This is the first part of a fiction serial, in 1530 words.
Jack Porter was a man with a plan. It was a plan that had consumed his life since the relatively young age of fifteen. A plan that he had never once diverted from.
Self-discipline was his driving force. For twenty years, he had made lists, ticked off tasks when they were done, and lived to a rule book that only existed in his head. Everything was down on paper, and could all be easily destroyed. Nothing was ever done on a computer or mobile phone. There was no electronic trail to follow. As the day approached, he made some last minute adjustments. He had to smile at the irony. The only way that this complex plan would work was if it appeared to be unplanned. Random. It had to appear to be random. And pointless.
Of course, it wasn’t pointless to him. The opposite was the case. It was the whole point of his existence.
Two decades of healthy eating. Rigorous exercise, developing the perfect physique. No alcohol, no smoking, and most of all, no transgressions. Never bring yourself to notice. Commit no crime, however seemingly insignificant. Relationships were impossible, as nobody else could ever be involved in the plan. That had included his parents of course, and had meant leaving home as soon as he had a good job, and the means to pay his own way. No friends, no interaction with neighbours, just being sociable enough to manage to appear relatively normal to work colleagues.
Attract no attention.
That was one of the first items on his list, all those years ago.
Saving money was important. No luxuries, no holidays, not even a passport. Save and save, stockpiling funds for when the time came. Maps were important too. Maps of unfamiliar places. Places where he was not known, and would never be recognised. Places where he would blend into a crowd, walking past unnoticed.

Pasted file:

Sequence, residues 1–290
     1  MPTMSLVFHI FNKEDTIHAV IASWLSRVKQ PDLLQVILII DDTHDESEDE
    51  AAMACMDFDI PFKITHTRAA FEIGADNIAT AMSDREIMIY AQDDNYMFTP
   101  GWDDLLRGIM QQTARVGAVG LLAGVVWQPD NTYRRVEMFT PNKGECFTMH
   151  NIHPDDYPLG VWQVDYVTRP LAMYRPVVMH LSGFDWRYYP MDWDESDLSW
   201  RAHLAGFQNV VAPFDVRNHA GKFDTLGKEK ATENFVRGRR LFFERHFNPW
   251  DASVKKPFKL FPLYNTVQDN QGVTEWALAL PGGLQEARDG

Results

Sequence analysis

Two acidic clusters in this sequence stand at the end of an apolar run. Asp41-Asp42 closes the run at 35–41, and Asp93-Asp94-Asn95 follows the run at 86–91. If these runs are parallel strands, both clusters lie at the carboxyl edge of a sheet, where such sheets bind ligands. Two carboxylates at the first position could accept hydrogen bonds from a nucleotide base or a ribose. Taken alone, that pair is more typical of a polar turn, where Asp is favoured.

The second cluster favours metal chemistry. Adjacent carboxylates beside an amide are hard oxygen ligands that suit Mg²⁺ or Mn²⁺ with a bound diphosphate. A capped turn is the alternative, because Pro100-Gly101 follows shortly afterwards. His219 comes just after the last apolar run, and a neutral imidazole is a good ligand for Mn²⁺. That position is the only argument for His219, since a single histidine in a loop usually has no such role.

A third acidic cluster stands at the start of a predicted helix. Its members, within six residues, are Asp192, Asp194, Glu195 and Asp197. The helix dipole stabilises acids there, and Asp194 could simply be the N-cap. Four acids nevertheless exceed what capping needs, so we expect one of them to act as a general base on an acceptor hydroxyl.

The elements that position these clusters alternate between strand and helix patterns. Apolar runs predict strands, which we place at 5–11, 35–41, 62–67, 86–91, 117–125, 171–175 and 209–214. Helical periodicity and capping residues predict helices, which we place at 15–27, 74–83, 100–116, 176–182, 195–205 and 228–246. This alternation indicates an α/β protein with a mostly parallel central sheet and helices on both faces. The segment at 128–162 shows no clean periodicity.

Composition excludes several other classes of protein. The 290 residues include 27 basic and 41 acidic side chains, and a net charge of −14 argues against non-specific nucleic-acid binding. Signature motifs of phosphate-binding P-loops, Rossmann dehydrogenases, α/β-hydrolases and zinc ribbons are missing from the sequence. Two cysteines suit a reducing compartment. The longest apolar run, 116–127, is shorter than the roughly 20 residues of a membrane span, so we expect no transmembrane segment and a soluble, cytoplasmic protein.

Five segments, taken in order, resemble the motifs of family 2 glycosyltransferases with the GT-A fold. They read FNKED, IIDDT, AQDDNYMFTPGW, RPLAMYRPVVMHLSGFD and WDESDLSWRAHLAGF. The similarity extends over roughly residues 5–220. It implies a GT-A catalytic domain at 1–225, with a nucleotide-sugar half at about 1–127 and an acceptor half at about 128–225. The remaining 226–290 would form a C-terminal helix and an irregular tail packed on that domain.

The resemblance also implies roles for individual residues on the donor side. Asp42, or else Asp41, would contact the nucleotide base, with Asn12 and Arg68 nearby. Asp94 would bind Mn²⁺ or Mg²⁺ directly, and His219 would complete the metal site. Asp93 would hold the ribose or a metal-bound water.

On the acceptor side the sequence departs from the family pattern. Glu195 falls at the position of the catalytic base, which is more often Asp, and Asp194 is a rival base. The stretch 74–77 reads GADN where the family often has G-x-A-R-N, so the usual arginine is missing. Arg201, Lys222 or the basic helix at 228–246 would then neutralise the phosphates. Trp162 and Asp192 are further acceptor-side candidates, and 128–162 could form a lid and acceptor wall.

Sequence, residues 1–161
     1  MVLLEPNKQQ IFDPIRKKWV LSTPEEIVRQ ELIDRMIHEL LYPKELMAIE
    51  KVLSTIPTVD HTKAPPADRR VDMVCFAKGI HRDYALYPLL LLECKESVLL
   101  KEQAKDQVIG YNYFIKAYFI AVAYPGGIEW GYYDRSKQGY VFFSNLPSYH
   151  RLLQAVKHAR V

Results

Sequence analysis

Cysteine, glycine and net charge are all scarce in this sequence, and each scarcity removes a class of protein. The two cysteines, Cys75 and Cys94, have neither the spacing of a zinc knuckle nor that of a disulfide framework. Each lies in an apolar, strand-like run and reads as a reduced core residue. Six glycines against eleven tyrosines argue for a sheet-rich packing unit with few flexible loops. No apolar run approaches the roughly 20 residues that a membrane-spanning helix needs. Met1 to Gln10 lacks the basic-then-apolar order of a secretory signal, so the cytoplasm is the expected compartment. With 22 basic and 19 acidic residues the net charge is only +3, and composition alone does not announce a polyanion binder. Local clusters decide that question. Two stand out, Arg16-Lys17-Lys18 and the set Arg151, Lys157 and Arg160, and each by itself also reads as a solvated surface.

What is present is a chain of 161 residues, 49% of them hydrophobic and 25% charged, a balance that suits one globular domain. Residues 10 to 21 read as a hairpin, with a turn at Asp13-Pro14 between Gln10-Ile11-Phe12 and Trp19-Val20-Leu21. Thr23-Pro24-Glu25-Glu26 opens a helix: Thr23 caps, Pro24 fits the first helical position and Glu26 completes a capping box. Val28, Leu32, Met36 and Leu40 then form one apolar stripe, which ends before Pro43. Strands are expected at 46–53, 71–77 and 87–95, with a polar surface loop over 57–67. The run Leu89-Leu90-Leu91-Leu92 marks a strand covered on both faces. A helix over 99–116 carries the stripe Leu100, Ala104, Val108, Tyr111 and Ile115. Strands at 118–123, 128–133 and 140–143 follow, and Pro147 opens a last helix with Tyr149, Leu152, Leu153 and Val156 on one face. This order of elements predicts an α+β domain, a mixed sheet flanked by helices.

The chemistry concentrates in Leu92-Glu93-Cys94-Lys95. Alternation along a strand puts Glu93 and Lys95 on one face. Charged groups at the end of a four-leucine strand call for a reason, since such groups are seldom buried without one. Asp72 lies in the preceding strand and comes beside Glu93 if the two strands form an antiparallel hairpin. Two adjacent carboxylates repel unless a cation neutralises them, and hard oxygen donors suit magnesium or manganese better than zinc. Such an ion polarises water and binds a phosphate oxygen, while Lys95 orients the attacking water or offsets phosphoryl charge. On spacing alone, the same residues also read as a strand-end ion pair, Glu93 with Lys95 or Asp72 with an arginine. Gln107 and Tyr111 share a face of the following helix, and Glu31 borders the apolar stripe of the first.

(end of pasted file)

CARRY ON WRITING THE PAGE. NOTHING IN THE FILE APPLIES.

When the day came, it started quietly. He spoke to his boss, telling him he was leaving. David had been surprised, but had wished him well, and told him he could always come back. Jack was a valued employee, perhaps the best the company had ever known. Never one day off sick, and always professional. Accrued holiday time meant he would leave the next day. No time for embarrassing leaving parties, or awkward questions. When David had asked about references, and promised to supply a good one, Jack had smiled. References would not be necessary. When asked what he would be doing, where he would be working, Jack had smiled again. Taking some time out for a personal project. That seemed to satisfy David, who smiled as if he had some idea what Jack might be doing.
But he could have had no idea at all.
Sandra Piper was known to everyone as Sandy. In that small coastal town where few people ever moved away, she grew up with the same people she went to school with, and still had the same friends she had first met in class. Life hadn’t worked out that well for her. Oldest of three, she had been expected to help with the younger children from an early age, and when Dad had died in a factory accident, Mum told her she had to leave school and get a job. Any job. So she had gone for an interview at the local baker’s shop, the one with the busy cafe attached to it. They needed a waitress, and didn’t care too much about experience. Fifteen years later, and she was still there. Overweight, and overlooked. Serving up tea, coffee, and breakfasts from seven. Lunch after midday, and cream teas from three until four-thirty. Busy during the summer, dull and boring in the winter. Her siblings were all grown up now, and she had moved out into her own place. It was only a rented studio flat across town, but it gave her the freedom to do what she liked with her life. That wasn’t too much, aside from watching TV, and eating whatever she liked.